If in the ancient Grecian music, the composer, poet, and performer seem to be spoken of in common, the reader must recollect that in those days, all three branches of the art were united in one individual. It will also aid some readers, if we define here what the functions of the Greek chorus were. In the earliest days, the whole chorus simply sang refrains after the solo of some cultivated singer; gradually whole compositions were entrusted to their charge. Pantomimic action probably always existed in connection with their songs, as with almost all ancient singing. Stesichorus first gave them different historical or mythological subjects to act, in a dramatic manner. At a later epoch the chorus entered in a peculiar manner into the action of the drama. They stood upon the stage as interested spectators of the various events; they advised the Protagonist or only individual character8 as to his course of action, and when some startling incident, a murder for example, had taken place, they would strongly express their feelings, horror, dismay or fear, and thereby intensify the effect upon the audience.

An imitation of the Greek chorus may be found in Schiller’s “Bride of Messina.”

Stesichorus was deservedly honored as the founder of Greek chorus music, and a statue was erected to his memory. Among those next following his era we find Ibycus, a poet-musician attached to the court of Polycrates, tyrant of Samos. This mighty sea king and despot had a considerable liking for music; for we learn also that he kept a choir of beautiful boys, whose duty it was to sing sweet Lydian melodies during his meals. About 580-70 B. C. Alcæus and Sappho became leaders in Grecian musical culture, or poetry, for the two are inseparable. The two poets seem to have formed a mutual friendship. Of Sappho we have remaining an ode to Aphrodite which makes it a matter of regret that the remains of her poetry are so fragmentary.9 At Mytilene she seems to have gathered around her a large and elegant circle, composed entirely of females to whom she taught poetry and music; in fact her house must have been a musical university for her list of scholars embraces names from all parts of Greece. Ottfried Müller10 compares her life, surrounded by all these fair followers, with that of Socrates surrounded by the flower of Athenian youth.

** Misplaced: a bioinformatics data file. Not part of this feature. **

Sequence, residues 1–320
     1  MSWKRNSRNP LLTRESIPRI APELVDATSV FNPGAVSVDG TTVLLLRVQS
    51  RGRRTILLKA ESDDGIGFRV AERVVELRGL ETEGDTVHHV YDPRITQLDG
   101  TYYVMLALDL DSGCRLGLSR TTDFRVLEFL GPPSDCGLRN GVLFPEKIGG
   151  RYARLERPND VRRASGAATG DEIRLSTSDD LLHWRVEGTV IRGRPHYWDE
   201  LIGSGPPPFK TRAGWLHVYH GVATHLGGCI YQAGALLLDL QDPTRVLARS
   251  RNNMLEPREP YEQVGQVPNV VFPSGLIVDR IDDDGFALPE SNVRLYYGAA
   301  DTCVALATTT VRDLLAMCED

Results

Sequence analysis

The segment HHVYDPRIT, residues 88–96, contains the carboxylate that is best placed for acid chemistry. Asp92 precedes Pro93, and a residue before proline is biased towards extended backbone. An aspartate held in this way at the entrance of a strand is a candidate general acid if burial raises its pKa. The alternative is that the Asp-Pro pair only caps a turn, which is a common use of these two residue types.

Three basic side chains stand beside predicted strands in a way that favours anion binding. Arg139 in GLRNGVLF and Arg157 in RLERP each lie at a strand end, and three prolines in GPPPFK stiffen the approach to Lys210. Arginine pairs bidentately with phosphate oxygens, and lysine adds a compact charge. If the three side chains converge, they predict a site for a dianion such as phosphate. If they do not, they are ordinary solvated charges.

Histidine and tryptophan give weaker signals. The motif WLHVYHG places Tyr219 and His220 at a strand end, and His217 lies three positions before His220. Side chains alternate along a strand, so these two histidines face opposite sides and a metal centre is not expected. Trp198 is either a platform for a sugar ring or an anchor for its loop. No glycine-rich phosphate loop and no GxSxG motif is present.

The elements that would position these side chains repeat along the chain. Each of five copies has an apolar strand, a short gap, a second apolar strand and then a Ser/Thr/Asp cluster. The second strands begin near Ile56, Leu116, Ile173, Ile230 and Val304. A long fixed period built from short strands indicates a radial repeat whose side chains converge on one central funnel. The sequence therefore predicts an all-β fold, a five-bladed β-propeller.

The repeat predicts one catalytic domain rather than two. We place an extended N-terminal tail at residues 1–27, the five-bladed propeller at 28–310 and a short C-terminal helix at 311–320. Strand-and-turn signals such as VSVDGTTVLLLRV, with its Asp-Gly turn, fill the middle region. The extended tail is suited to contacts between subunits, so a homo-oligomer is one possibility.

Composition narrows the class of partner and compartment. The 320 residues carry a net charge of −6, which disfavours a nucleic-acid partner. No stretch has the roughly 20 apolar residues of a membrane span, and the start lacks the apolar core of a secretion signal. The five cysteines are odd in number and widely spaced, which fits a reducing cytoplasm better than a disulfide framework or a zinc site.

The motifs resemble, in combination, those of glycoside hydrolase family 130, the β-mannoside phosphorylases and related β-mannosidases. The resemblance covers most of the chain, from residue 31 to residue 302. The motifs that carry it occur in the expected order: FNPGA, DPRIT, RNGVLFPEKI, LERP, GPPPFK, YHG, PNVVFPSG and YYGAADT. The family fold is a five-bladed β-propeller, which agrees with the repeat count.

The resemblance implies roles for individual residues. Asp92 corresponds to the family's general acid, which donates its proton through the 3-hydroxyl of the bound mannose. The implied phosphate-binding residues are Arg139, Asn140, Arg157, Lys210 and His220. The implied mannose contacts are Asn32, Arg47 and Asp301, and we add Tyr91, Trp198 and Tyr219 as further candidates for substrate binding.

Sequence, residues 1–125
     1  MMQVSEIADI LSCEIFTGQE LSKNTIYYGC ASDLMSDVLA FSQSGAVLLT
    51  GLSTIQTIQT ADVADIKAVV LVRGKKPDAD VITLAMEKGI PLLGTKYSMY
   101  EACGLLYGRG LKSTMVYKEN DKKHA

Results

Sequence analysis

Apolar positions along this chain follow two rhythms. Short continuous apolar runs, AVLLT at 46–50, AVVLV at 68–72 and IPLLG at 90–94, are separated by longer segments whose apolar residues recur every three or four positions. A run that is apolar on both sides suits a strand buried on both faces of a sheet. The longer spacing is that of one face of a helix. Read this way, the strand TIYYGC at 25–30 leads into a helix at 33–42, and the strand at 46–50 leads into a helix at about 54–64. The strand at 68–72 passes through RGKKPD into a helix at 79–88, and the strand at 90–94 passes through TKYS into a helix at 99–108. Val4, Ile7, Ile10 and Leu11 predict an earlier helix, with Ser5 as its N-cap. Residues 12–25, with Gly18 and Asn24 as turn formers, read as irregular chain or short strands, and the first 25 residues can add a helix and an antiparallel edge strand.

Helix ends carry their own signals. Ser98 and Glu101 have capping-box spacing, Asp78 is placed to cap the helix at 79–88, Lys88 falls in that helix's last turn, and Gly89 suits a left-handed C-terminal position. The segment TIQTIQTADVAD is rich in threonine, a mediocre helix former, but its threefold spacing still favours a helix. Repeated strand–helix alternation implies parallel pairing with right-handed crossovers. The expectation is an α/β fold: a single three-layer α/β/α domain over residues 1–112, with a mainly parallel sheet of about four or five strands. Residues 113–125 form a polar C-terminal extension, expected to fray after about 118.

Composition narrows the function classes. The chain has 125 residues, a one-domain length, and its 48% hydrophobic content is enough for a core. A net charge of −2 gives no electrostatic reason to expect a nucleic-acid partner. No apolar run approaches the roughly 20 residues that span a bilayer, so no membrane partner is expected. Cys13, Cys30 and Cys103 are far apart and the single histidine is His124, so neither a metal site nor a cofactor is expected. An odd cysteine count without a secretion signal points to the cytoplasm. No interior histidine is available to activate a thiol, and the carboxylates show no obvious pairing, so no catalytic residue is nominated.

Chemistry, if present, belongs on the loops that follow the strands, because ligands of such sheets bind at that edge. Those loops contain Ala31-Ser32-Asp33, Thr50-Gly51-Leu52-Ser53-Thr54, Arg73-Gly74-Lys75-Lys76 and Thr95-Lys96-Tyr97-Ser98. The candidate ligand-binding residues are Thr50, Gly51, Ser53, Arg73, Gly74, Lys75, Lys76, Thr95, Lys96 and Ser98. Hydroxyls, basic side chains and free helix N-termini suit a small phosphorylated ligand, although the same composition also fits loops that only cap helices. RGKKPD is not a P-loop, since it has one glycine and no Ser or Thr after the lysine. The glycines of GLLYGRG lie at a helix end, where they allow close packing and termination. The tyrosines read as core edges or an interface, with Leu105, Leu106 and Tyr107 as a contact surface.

Sappho’s career is the more wonderful from the fact, that among the ancient Greeks, the entire mission of woman was supposed to consist in rearing her family, attending to the first education of her sons, who at an early age passed into the hands of their teachers, teaching housewife’s duties to her daughters, and attending to them herself; according to Pericles, that woman was most to be prized of whom no one spoke, either in praise or blame.

Sappho’s poetry had great effect even on the rough character of Solon, the law giver; hearing for the first time one of her songs, which his nephew sang to him, he vehemently expressed the wish that he might not die before he had committed to memory so beautiful a song.

Sappho’s name is almost the only female one in the whole realm of ancient Greek music, which was pure, noble, and uncontaminated. Latterly, even her character has been assailed, but the accusation has been refuted by Herr Welcker, of Bonn, (in the Rheinisches Museum,) Ottfried Müller and other learned writers. After her, music as practiced by the female sex, was handed over to the most degraded, (the Hetarae) and seems to have borrowed from Egypt many lowering qualities,11 including dancing girls and ribald songs.

Anacreon of Teos, introduced into Greece the light, airy songs, in praise of woman, wine, etc., “It is no great stretch of fancy,” says a thoughtful writer,12 “to imagine his songs as expressing our modern Allegretto Grazioso, Andante Scherzoso, etc.”

From precisely this point however (the lack of signs of expression in all Greek music) another writer13 deduces the opinion that Greek music must always have been in a crude state, and by no means of the beauty which some enthusiasts ascribe to it.

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This is a part of a book Curiosities of Music: A Collection of Facts not generally known, regarding the Music of Ancient and Savage Nations (1880) by Louis Charles Elson, in public domain.
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The section covers pages 39-113, originally footnotes were not numbered.
Originally, chapter numbers also include "VII." twice.